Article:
Sunday morning. The ground spongy, squidgy, but no longer swamped. Eyes are that much more bloodshot than on Friday morning. What I needed was a tantalising triple bill on the Radio 1 stage to jumpstart the day. Well what do you know? Sunderland garage punks The Futureheads are about to begin.
There are four of them dressed in smart-casual suits and shirts. They each have a microphone, even the drummer, and they are all determined to use them. This vocal democracy creates an abrasive concoction of The Jam, XTC and an Eastern European Military tattoo. They’re not particularly innovative, but the sheer oomph they give to songs such as Le Garage and Robot is definitely infectious.
Fun as they were, the testosterone bled onto the stage by The Futureheads had to be neutralised. It was a pleasing sight then to see quirky brother/sister band The Fiery Furnaces amble on to deliver something altogether less nasty. Eleanor Friedberger looks like a sexually frustrated Walton’s Mountain knitting obsessive, but don’t be fooled by her demure appearance: There’s something strangely Janis Joplin dangerous about her frumpish appearance and witty lyrics. Beginning with My Dog Was Lost But Now He’s Found from new album Blueberry Boat, the Furnaces gave served up some enjoyable indie-blues. They really hit their stride though with pumped-up versions of older songs. Don’t Dance Her Down and Tropical Ice-Land provide some of the most seductive bass hooks of the day and confirm that it’ll take a lot to dampen these flames.
I can see why some people find Dogs Die In Hot Cars annoying – but those people annoy me. Belting out Godhopping, perhaps the catchiest tune of the year, DDIHT get everybody smiling and bopping. I admit that there is something about this band that borders on smug ’80s pastiche. Lead Craig McIntosh introduces Celebrity Sanctum by saying “This song used to be called Heat Magazine Makes Me Feel Like A Diamond Encrusted Potato”. Yes, very droll. However, launching into Lounger, DDIHC prove they’ve got the songs to back up their cheekiness. “I get up when I like, wear anything I like” rounds things off in an appropriately rebellious-ish kinda way.
I’m glad I wandered down to the main stage early. Having been savagely pelted by warm bottles of urine, The Rasmus had thrown the timetable off-kilter by playing for only a few wee-drenched minutes. Consequently, The Streets arrived onstage an hour before schedule. Word spread like SARS through the festival that they were on, and a massive crowd assembled to see Mike Skinner: People’s Champion. Bouncing on to the apocalyptic, strings ‘n strife drama of Turn The Page, Skinner owned the stage. A few bottles whizzed up at him from braindead rock-twats at the front. Casually, Skinner picks them up, sniffs them and says “It’s alright. It’s not piss”. This is a man who knows how to win people over. Calling us “A naughty bunch of boys and girls” he tries to introduce us to the possibility of rock and dance being combined. We follow his lead and jump like wazzocks. Of course Dry Your Eyes provides the genuine ‘festival moment’ that everyone had hoped for. It soars above the Berkshire clouds while blokes and birds hug each other below. A sneaky cover of Kelis‘ Milkshake and a barnstorming rendition of Fit But You Know It and then Skinner and his brilliant backing band are off all too soon. One of the sets of the weekend.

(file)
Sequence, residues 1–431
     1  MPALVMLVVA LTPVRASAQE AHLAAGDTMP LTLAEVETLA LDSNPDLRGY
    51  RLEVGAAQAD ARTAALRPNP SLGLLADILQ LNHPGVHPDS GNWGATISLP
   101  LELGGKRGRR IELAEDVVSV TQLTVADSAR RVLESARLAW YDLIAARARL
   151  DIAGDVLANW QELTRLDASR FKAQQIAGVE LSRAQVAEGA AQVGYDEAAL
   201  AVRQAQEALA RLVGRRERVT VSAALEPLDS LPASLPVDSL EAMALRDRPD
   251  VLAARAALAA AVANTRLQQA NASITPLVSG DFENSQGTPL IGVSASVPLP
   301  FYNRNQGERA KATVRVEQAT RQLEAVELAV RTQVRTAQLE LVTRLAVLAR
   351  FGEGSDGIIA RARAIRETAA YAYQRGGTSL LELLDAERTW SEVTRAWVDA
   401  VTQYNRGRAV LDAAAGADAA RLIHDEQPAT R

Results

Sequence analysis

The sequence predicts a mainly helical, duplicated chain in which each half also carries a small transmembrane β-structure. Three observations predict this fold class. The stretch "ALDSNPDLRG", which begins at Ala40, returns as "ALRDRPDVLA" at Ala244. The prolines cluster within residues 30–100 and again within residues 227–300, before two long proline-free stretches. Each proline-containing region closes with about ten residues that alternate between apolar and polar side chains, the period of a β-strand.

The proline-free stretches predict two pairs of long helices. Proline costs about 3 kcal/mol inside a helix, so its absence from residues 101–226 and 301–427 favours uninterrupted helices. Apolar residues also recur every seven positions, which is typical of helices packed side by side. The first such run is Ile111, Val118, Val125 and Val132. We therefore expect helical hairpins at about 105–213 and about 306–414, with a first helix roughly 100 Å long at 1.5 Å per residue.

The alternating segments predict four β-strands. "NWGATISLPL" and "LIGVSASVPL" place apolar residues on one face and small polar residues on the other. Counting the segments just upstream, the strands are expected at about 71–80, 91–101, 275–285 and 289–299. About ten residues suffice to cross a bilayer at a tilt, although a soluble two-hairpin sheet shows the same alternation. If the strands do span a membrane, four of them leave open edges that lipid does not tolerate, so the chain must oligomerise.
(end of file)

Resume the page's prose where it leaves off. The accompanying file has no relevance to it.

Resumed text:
The Pee-soaked Rasmus, as they shall henceforth be known, did me a favour. The early Streets set meant that I could power off to the Carling tent afterwards and check out The Secret Machines. The New York Times dubbed them “best live band in NY”, so it was a slight disappointment when, playing to an intrigued but subdued crowd, the engineers lost the sound on the main guitar. It rendered their potentially epic opener First Wave Down a little toothless. All drums and repetitive synth noises. However, after a few “turn it the fuck up” gestures from Ben Curtis, we’re soon back on track with a crowd-wakening Pharaoh’s Daughter. By the time they tear into the driving, brilliant Nowhere Again, they’d shown us more than a glimmer of the moonscape ambition of their music.
Amusingly, someone held up a sign for 50 Cent that said: “Listen 39p, it’s spelled in THE club!”. Clearly, the Reading crowd were not enamoured with the prospect of dancing for Shorty’s birthday. A barrage of bottles greeted the rapper who, unwisely, decided to hurl a few back. Of course this aggravated the mainly rocker crowd further and led to a new hail of missiles. At one stage, somewhat disturbingly, a camping chair narrowly missed 50 Cent’s head. To his credit, ‘Fiddy’ did eventually try and placate the crowd saying “Aren’t we all here to have fun?”, but by then the damage was done. He left to a cheer from the triumphant and belligerent mass of bottle chuckers.
Fatigued, I started to round things off for the weekend. Forgoing Green Day‘s headline set, I headed instead for UK rapper Ty in the dance tent. With a fantastic backing band, and two of the most soulful backing singers since The Supremes, Ty’s good-time, positive lyrics and desire to bring out the best in all of us removed some of the bitter taste left from the 50 Cent fiasco.
Knackered and grubby I trudged home early. In the background Green Day hurled out a version of Queen’s We Are The Champions. I didn’t feel like one; Reading rocked on without me.